Carlo Ancelotti last night discovered just how ruthless Roman Abramovich could be after being sacked barely an hour after Chelsea's final game of the season.
Ancelotti was denied the meeting he was expecting with the club's hierarchy this week and was, instead, given his marching orders by chief executive Ron Gourlay following the club's 1-0 Barclays Premier League defeat at Everton.
It is believed the decision to axe the manager was pre-planned, with the club keen to resolve any uncertainty about Ancelotti's future before the players went on holiday next week.
The search now begins in earnest for the Italian's successor, who will become Chelsea's seventh manager in the eight years since Abramovich's takeover.
Guus Hiddink — who had a successful spell as caretaker boss — is reportedly the Russian's number one target, with Porto sensation Andre Villas-Boas also heavily touted.
But securing either of those will not be easy, opening the door for a raft of other candidates.
The timing of Ancelotti's sacking was the only real surprise, with the 51-year-old appearing a dead man walking at Stamford Bridge for several weeks.
Despite winning the club's first ever double in his maiden season last year, he followed it up with their worst campaign of the Abramovich era.
The Russian had never before tolerated a manager failing to win at least one trophy in a given year and announcing Ancelotti's departure on their official website, www.chelseafc.com, the club said in a statement: “Chelsea Football Club can confirm that Carlo Ancelotti parted company with the club today.
“The owner and board would like to thank Carlo for his contribution and achievements since taking over as manager in July 2009, which included winning the double for the first time in the club's history.
“However, this season's performances have fallen short of expectations and the club feels the time is right to make this change ahead of next season's preparations.
“Carlo will always be welcome at Stamford Bridge, where he will be given the reception and respect his position in our history deserves.
“Chelsea's long-term football objectives and ambitions remain unchanged and we will now be concentrating all our efforts on identifying a new manager.
“There will be no further comment until that appointment is made.”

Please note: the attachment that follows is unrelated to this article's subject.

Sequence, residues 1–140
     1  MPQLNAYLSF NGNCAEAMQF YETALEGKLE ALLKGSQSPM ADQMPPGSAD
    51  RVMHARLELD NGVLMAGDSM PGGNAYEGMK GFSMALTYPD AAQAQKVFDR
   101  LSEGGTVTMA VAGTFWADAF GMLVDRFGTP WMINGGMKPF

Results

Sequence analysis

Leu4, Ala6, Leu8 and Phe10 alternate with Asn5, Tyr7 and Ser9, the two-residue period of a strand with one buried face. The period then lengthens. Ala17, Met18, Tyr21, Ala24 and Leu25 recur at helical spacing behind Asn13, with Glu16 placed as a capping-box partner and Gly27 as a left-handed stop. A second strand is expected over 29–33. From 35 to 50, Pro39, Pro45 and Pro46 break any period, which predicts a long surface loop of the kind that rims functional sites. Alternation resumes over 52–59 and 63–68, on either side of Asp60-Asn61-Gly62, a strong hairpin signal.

Ancelotti was given the boot immediately after completing his post-match media duties at Goodison Park.
That press conference saw him reiterate his belief he would have a meeting with his bosses this week, during which he would learn his fate.
The Italian was in good humour, saying: “I am now on holiday — but I am not sure how long my holiday will be!
“We haven't arranged any meeting but I think in the next week, now the season is finished, the club can address my job and they will take a decision.
“I have to wait and see what happens.
“I don't have to say anything to the club —- they can judge me on my job for two years.”
Speculation Ancelotti was to be sacked began after Chelsea crashed out of the Champions League at the quarter-final stage against Manchester United and his fate was ultimately sealed when their late Premier League title charge ended with defeat to the same opponents.
Ancelotti was recruited from AC Milan two years ago partly because of his reputation as a European Cup specialist.
But his two cracks with Chelsea at the trophy Abramovich craves the most arguably saw the club go backwards, as they twice suffered earlier-than-expected exits.
The popular Italian's departure will nevertheless elicit a great deal of sympathy, with there being several mitigating circumstances for
this season's failure.
The decision to allow five senior players to leave last summer and focus more on youngsters appeared to backfire when injuries struck the spine of the team.
That coincided with the shock sacking of assistant manager Ray Wilkins, which was immediately followed by the club's worst run in the league for almost 15 years.
The January arrival of Fernando Torres also arguably had a destabilising effect at a time when Chelsea looked to be getting their season back on track.
Ancelotti will at least leave having pocketed the final year of his reported £5million-per-season salary and is unlikely to be out of work for long, with former club Roma currently seeking a new manager.
He has expressed a desire to stay in England but, despite diplomatic responses to any interest he might have in taking over a team outside the top six, that seems a non-starter.